“I threw (the letter) in the trash,” Vanker said.
She followed the election fraud allegations all the way to the nation’s Capitol on Jan. 6, where she said she was not a part of the mob that breached the building as Congress counted the nation’s Electoral College votes. She falsely claimed Antifa committed the violence that left five dead.
After the election, misinformation about COVID-19 continued to permeate a local fight to get Grosse Pointe Public School System students back in the classroom full-time after several months of hybrid learning.
In February, the debate came to a close when the Grosse Pointe School Board voted unanimously for children to return in-person full-time.
“We won!” several parents wrote on a Facebook page.
“Next step…get (the kids) out of masks!” another parent wrote in a comment.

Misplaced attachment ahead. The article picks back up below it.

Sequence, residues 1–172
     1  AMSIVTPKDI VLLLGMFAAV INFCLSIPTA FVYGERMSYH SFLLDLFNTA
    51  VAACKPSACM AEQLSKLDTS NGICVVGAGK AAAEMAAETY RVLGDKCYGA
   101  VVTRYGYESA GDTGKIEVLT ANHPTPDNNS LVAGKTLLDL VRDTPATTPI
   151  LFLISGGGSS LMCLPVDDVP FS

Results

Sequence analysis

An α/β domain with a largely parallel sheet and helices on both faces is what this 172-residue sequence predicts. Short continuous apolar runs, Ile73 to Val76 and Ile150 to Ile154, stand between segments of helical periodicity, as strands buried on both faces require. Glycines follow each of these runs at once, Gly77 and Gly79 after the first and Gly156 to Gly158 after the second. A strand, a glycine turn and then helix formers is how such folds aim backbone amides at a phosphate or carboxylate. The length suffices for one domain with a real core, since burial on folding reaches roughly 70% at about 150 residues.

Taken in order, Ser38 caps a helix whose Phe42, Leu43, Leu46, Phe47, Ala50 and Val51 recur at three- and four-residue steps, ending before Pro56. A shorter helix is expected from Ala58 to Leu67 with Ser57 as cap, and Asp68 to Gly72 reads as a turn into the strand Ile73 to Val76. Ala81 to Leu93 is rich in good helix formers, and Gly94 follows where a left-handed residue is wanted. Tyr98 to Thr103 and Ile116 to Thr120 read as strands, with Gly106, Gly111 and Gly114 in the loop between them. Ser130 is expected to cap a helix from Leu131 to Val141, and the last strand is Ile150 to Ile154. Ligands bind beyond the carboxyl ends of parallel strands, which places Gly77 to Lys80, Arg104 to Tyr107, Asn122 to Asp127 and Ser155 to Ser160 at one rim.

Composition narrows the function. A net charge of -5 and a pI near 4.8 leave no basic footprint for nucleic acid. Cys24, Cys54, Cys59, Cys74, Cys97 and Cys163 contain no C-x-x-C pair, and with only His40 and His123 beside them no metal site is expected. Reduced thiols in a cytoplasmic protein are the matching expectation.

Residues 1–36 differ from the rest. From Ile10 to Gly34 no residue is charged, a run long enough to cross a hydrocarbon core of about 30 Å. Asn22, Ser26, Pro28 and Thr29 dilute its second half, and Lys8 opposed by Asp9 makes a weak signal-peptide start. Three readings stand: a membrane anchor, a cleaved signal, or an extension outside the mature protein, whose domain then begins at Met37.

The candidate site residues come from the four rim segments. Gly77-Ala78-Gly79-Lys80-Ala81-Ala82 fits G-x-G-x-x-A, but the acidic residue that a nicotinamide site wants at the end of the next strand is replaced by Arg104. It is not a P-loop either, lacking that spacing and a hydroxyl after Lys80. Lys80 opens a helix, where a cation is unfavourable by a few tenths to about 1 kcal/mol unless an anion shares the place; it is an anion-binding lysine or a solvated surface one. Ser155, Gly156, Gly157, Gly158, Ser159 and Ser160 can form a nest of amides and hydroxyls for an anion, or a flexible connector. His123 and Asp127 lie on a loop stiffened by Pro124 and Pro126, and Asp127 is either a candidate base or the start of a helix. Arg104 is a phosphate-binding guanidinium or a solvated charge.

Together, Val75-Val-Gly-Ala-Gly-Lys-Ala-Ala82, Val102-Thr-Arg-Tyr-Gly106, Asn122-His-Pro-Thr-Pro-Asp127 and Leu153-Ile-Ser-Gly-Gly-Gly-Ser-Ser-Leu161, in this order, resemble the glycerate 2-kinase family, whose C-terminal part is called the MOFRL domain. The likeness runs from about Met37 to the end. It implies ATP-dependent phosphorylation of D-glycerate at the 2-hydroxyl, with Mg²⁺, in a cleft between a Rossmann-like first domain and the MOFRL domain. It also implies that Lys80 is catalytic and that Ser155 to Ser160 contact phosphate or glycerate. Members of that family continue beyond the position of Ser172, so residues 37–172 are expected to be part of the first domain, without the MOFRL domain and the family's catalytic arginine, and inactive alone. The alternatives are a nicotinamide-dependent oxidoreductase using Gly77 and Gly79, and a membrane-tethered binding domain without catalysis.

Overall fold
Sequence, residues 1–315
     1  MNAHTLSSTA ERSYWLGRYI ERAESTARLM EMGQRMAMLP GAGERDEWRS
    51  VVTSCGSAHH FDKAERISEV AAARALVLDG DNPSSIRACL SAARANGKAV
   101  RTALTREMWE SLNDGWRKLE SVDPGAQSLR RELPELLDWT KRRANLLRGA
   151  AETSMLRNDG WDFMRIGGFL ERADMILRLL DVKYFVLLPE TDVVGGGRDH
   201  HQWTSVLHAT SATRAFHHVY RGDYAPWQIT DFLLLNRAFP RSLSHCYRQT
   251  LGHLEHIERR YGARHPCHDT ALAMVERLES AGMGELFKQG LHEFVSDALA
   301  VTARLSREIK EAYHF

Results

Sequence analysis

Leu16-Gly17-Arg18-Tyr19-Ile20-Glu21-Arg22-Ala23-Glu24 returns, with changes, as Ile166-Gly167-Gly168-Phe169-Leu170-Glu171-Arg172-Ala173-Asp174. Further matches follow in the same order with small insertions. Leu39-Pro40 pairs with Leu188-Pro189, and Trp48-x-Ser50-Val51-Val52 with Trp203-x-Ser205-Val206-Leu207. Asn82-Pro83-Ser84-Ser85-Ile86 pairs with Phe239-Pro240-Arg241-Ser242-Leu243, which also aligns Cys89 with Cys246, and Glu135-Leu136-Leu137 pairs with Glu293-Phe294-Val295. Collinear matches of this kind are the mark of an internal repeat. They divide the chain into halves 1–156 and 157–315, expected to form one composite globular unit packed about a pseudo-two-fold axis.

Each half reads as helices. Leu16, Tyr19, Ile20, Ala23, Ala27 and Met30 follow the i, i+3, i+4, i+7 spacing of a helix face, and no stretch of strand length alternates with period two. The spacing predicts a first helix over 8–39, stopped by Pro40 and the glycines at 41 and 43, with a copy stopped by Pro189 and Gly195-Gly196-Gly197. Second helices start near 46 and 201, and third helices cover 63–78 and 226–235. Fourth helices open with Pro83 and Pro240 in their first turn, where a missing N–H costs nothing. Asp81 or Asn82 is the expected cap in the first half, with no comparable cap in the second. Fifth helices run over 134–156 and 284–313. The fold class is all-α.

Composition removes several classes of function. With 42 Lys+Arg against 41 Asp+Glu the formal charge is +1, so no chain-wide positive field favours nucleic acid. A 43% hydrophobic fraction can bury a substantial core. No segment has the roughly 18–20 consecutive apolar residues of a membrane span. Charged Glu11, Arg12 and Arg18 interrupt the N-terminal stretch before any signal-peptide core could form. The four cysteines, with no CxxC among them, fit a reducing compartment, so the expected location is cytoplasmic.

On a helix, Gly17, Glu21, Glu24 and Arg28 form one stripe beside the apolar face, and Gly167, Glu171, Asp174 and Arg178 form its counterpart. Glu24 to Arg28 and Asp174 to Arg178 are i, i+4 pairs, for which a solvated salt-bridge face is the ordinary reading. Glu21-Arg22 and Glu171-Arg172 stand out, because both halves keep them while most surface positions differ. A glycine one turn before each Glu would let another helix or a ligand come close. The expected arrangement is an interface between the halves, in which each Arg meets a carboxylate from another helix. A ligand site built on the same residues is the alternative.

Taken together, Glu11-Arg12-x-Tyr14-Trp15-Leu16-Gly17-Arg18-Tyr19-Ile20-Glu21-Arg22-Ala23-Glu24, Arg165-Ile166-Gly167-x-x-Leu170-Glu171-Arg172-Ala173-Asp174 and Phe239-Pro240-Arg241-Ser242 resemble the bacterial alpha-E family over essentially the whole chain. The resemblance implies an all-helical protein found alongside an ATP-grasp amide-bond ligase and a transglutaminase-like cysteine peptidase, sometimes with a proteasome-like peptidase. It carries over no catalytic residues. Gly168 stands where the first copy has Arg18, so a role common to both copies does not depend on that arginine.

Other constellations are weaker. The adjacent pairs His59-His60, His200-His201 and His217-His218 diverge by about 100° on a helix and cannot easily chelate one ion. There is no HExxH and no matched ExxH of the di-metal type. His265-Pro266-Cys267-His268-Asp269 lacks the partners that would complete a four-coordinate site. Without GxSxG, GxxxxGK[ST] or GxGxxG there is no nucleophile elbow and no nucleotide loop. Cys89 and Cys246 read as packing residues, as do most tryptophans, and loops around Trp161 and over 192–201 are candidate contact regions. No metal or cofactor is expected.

“Who says that extensive mask wearing is safe? It’s not, it’s a bacterial breeding ground.”
‘The progressive left is coming’
Months after the election, extremist ideologies persist in the community. Last week, Grosse Pointe Park resident JeDonna Dinges, who is African American, found a Klu Klux Klan flag hanging in her neighbor's window.
“These types of racist jerks walk amongst us,” said Dinges, 57, the owner of a resale fashion store. “They’re doctors, they’re lawyers, they’re police officers. They’re our neighbors.”
For years in the Grosse Pointes, there has been an undercurrent of old school racism, and a desire for life to remain the same in the affluent communities — exclusive and white, said Dinges, who grew up in Detroit and moved to the Grosse Pointes 11 years ago.
But she said when Trump was elected in 2016, people concerned about social justice in the Pointes “came out of the woodwork.”
We GP, the local, nonpartisan social justice group, now hosts annual LGBTQ pride marches with thousands of attendees. The group is sponsoring a rally with the local NAACP chapter to protest against the KKK flag display. Black Lives Matter signs line the yards of many homes in Grosse Pointe Park, Detroit’s next-door neighbor.